Who's Who in Roman Britain and Anglo-Saxon Englandby Richard Fletcher
The biographies are arranged in a broadly chronological rather than alphabetical sequence so that the
This is part of an eight-volume series providing short biographies of men and women from Roman to Victorian times. Each entry places the subject in the context of their age and evokes what was distinctive and interesting about their personality and achievement.
The biographies are arranged in a broadly chronological rather than alphabetical sequence so that the reader may easily browse from one contemporary to the next. The index, with its many cross-references, reveals further linkages between contemporaries.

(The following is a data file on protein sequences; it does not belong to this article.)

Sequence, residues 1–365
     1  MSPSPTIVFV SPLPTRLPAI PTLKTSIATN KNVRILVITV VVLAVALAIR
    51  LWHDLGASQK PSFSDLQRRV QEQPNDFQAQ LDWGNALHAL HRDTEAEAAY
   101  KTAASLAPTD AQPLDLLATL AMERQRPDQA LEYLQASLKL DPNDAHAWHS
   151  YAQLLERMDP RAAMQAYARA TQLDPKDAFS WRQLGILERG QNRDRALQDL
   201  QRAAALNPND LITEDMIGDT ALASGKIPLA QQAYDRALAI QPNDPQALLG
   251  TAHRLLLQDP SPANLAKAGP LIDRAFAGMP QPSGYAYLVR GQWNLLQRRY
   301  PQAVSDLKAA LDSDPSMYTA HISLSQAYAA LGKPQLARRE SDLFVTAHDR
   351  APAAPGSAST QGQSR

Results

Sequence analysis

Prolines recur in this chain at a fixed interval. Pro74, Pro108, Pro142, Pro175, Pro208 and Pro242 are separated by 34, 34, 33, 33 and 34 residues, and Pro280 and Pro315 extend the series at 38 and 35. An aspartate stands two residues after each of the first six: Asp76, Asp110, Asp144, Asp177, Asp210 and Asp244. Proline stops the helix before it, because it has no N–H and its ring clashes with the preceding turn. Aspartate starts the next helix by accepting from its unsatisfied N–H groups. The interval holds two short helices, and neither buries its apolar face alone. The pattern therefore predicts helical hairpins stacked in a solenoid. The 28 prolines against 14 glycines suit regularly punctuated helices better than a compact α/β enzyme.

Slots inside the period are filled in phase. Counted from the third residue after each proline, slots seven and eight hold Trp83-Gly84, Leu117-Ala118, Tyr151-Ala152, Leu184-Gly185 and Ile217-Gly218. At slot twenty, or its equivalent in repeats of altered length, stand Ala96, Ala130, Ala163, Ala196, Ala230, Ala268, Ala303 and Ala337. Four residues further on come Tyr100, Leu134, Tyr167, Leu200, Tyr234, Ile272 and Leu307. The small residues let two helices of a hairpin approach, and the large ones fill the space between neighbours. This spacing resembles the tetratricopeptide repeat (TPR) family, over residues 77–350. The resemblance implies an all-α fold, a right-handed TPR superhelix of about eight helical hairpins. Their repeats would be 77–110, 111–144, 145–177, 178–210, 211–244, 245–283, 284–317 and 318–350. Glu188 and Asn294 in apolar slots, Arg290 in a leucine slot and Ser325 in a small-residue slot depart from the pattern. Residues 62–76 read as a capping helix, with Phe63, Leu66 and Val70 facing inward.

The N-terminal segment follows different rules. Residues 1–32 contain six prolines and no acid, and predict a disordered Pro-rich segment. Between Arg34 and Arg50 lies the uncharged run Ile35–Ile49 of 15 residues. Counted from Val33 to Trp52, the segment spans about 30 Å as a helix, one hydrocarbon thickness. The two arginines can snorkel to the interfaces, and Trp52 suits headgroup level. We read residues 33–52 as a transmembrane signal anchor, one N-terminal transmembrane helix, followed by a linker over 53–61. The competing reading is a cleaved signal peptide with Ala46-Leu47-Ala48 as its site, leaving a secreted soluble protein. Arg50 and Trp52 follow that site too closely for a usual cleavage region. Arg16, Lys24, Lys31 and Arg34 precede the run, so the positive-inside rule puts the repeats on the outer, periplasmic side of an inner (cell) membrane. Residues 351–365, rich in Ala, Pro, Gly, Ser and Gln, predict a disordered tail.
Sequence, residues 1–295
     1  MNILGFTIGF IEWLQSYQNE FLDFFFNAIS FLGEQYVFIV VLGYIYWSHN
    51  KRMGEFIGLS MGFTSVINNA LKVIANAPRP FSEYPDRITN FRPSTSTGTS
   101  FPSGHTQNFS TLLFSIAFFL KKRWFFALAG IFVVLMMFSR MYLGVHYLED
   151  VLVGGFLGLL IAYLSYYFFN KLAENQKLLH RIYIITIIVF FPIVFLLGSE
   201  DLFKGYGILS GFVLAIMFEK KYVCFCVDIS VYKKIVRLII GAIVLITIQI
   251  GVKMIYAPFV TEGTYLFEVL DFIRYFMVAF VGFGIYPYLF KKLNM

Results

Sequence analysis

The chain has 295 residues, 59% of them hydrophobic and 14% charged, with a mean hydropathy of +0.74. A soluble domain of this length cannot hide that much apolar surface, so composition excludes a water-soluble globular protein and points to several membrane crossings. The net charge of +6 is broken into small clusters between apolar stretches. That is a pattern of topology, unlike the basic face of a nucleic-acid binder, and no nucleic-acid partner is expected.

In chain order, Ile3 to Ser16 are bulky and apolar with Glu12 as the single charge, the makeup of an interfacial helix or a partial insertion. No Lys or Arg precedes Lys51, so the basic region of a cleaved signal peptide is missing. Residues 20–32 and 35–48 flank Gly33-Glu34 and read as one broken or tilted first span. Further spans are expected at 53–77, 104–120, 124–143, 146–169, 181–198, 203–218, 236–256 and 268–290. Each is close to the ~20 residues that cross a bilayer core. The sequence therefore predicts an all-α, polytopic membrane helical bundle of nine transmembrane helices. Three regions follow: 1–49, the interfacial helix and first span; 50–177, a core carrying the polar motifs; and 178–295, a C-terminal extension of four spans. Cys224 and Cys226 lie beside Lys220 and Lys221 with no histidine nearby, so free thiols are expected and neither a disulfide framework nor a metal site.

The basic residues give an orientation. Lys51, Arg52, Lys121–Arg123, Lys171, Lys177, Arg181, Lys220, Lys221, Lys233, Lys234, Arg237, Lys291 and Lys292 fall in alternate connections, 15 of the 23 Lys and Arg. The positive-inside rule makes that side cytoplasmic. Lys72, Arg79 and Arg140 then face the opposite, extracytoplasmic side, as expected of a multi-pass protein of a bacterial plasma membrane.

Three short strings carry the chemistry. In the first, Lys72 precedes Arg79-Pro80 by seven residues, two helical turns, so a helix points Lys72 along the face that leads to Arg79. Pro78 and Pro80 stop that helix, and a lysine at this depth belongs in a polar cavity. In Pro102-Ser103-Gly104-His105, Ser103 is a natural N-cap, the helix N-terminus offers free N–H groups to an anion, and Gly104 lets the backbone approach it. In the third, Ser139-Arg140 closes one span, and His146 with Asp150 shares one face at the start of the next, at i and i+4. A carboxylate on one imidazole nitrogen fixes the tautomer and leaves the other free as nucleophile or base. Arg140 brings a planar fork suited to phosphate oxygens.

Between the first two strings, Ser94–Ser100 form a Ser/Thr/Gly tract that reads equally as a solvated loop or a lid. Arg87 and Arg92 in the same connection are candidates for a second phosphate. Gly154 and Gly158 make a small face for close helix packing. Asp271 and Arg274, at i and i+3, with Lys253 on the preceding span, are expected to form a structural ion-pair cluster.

Each volume is a portrait of an age, presenting history in a biographical form which complements the conventional approach.
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This book does what it does well, but where is Arviragus? Where are Cartimandua, Calgacus, Allectus and all the sons of Cerdic? Where's Paul the Chain whose ministrations caused Vicarius Flavius Martinus to kill himself? Where are all the dozens of little Celtic saints who swarmed over Britain in the Dark Ages, and the complex genealogies of the Anglo-Saxon kings? Don't characters like Seutonius Paulinus and Theodosius the Younger deserve more than a passing mention? It makes for enjoyable reading, but there should be more to a scholarly work than that. I would recommend it only to those who are just beginning to study the period.